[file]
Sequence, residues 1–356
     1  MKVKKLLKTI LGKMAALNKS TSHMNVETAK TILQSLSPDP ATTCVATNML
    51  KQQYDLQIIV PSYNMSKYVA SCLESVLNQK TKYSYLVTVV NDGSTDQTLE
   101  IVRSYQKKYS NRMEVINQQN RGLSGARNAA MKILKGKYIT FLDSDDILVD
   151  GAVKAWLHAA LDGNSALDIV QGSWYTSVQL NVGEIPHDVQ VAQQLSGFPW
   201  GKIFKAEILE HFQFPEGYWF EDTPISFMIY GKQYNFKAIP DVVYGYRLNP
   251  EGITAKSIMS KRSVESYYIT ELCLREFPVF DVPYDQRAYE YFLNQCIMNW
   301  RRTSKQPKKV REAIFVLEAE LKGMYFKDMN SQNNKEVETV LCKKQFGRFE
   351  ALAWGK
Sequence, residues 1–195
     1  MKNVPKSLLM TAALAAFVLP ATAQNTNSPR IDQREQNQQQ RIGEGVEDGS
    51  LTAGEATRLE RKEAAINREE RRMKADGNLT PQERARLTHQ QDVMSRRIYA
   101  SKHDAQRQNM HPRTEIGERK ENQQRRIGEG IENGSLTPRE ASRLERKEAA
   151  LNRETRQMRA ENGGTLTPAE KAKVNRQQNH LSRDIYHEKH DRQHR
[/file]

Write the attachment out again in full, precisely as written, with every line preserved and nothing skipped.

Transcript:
Sequence, residues 1–356
     1  MKVKKLLKTI LGKMAALNKS TSHMNVETAK TILQSLSPDP ATTCVATNML
    51  KQQYDLQIIV PSYNMSKYVA SCLESVLNQK TKYSYLVTVV NDGSTDQTLE
   101  IVRSYQKKYS NRMEVINQQN RGLSGARNAA MKILKGKYIT FLDSDDILVD
   151  GAVKAWLHAA LDGNSALDIV QGSWYTSVQL NVGEIPHDVQ VAQQLSGFPW
   201  GKIFKAEILE HFQFPEGYWF EDTPISFMIY GKQYNFKAIP DVVYGYRLNP
   251  EGITAKSIMS KRSVESYYIT ELCLREFPVF DVPYDQRAYE YFLNQCIMNW
   301  RRTSKQPKKV REAIFVLEAE LKGMYFKDMN SQNNKEVETV LCKKQFGRFE
   351  ALAWGK
Sequence, residues 1–195
     1  MKNVPKSLLM TAALAAFVLP ATAQNTNSPR IDQREQNQQQ RIGEGVEDGS
    51  LTAGEATRLE RKEAAINREE RRMKADGNLT PQERARLTHQ QDVMSRRIYA
   101  SKHDAQRQNM HPRTEIGERK ENQQRRIGEG IENGSLTPRE ASRLERKEAA
   151  LNRETRQMRA ENGGTLTPAE KAKVNRQQNH LSRDIYHEKH DRQHR